An analogous situation occurs within the human lung. As it is inhaled, air is forced to turn sharply and flow through tight passages, while cilia along the walls of bronchial tubes catch any foreign particles that lumber into them. By definition, the Diffusion Fogger's unique filtration system releases into the air only those particles which can evade cilia indefinitely, going out as easily as they went in and saving the lungs a lot of aggravation. Indeed, despite the higher cost, the Diffusion Fogger became popular during the first two years of its availability. Despite the popularity, problems remained in that size and weight and power requirements added a burden to shipment, installation and use.
The present invention was designed to produce a small version which would be easier to build and transport. In the end, the resulting design was an improvement over the originals. The present Junior Diffusion Fogger is an improvement over all existing technology.
______________________________________ Junior Senior Diffusion Fogger Diffusion Foqger______________________________________1. Weight 650 lbs. 150 lbs.2. Size 51" × 40" × 30" 45" × 23" × 17" (35 cu. ft.) (10 cu. ft.)3. Noise 92 db 59 db4. Power 3 Phase, 17 amps/leg 110 v AC, 15 amps5. Fog Temp. 90° F. 65° F.6. Output 100% 75%______________________________________
The new fogger is lighter in weight. Most of the weight in either fog machine is concentrated in the air compressor. The Junior Fogger has a much smaller compressor and therefore requires lighter components and supports, reducing the total weight more than fourfold. Less mass translates into cheaper, faster construction, and of course far more convenient transportation.
The new fogger is smaller. The smaller size of the present invention was made possible by a more efficient design. After some weeks of testing, the inventor discovered that the air pressure required for optimum fog output through atomizing nozzles was less than had been expected: about 35 psi. A small air compressor with a more efficient pressure/flow ratio was already available off the shelf, and was incorporated into the design. The invention also provides a one-piece, portable "fog head": an oil tank, atomizer and smoke filter all in one. The entire package, including thick sound suppressing foam and components which remove heat and moisture from the high pressure air, fits inside a standard size road case.
On set its small size and low weight make the Junior Fogger the most convenient non-heating element-based fog machine to use, bar none. The road case has three handles and is mounted on wheels, making it easy to roll around a cramped room and even to carry up stairs. The case is finished in unobtrusive grey carpeting and has a flat linoleum top for the setting of tools, drinks, and the not-so-occasional elbow.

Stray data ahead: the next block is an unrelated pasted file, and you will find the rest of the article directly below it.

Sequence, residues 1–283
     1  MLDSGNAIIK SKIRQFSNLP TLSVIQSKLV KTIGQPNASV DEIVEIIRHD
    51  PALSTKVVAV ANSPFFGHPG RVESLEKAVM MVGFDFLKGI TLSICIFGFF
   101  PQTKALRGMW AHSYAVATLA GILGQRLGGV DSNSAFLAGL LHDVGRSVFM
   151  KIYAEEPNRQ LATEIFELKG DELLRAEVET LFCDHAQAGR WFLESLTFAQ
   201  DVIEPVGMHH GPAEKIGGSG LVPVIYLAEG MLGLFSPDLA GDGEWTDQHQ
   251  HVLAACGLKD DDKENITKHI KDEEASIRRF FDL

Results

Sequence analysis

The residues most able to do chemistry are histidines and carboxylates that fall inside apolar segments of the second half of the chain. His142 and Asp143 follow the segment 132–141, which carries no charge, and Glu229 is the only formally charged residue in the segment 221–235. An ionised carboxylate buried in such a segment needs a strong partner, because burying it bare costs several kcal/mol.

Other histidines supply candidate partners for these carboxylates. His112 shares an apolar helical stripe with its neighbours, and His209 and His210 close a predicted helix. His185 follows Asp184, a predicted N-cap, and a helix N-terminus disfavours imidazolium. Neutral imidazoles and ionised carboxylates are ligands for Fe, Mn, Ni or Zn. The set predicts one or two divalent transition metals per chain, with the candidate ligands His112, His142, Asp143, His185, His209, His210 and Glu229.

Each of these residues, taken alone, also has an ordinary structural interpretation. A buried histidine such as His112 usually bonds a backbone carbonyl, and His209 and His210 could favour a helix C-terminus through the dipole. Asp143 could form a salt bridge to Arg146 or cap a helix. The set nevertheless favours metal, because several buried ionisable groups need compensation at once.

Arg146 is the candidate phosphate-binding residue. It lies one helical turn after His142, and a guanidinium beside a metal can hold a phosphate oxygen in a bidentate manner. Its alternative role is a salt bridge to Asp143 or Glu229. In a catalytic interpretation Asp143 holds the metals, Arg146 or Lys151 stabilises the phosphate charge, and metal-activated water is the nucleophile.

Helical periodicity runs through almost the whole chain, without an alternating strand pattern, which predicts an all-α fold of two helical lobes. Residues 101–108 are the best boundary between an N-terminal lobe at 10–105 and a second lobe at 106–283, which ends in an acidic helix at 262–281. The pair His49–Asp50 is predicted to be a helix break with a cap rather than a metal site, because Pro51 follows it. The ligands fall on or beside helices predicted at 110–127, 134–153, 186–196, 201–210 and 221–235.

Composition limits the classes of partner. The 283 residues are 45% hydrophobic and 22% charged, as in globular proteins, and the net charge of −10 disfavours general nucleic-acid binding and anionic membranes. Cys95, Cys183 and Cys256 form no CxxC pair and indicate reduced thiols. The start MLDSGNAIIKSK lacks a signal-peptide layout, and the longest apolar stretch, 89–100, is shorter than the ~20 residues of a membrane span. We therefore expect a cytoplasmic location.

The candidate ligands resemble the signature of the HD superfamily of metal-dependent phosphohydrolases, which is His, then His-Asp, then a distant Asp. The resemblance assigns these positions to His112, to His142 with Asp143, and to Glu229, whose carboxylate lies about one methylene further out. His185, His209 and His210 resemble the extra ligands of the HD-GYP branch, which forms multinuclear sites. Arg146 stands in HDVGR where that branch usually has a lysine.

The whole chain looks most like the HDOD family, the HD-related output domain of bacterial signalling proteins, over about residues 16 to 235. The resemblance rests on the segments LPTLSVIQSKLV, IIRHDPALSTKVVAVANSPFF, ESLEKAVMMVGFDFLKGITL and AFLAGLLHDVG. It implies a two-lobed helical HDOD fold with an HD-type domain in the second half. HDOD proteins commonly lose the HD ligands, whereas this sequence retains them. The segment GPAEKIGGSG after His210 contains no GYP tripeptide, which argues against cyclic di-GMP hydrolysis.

The new fogger is quieter. Every bit as important to a film crew as a fog machine's size is the amount of noise it produces and the frequency of that noise. Simply, the Junior Diffusion Fogger is the quietest fog machine on the market. The air compressor chosen for the design is fairly quiet to begin with. Its noise is located primarily at high frequencies and very low frequencies. Most of it is eliminated with the use of special sound-absorbing foam liners. After testing various arrangements, the inventor produced a prototype fogger which emitted only about 60 decibels of Type A noise, compared with over 90 decibels for the Senior Fogger.
The new fogger takes less power to operate. The new Junior Fogger not only takes less power to run than a Senior Fogger, the Junior Fogger takes a much more convenient kind of power: namely, regular house current as opposed to 3 Phase. This improvement means the Junior Fogger can be used on location as easily as it is used on stage, and the amperage drain on lighting and other equipment being used on the same line is greatly reduced.
The fog temperature is cooler: The "smoke" produced by a Junior Fogger is cooler than that of a Senior Fogger which makes it more controllable. The fog is cooler because unlike the original system, the Junior is designed to remove heat from the compressed air, which has been heated considerably during the compression process, and exhaust that heat separately, using ambient air in producing fog which under normal conditions is at or slightly below ambient temperature. Fog is more controllable at this temperature because it mixes perfectly with the air. Warm fog or smoke tends to rise and fill a stage from the ceiling on down which delays shots, the majority of filming being done at eye level.
On the other extreme, a cracker barrel often produces fog that is so cold it refuses to rise more than a few meters above the stage floor without help from a fan. The fog is cold because the compressed air used in a cracker barrel is stored in a tank until it is needed. This air generally has plenty of time to cool to room temperature before it is decompressed, cooling well below that temperature when blown into the oil. The Junior Fogger's smoke, energetically more compatible with the outside air, mixes more quickly and evenly than either the cracker barrel or the Senior Fogger.
The new fogger has substantial fog output. The new Junior Diffusion Fogger, despite its smaller size, lower weight and reduced power consumption, still manages to produce 75 to 80 percent of the smoke generated by the Senior Fogger with equal hang time, which is up to ten times that of a standard oil cracker barrel.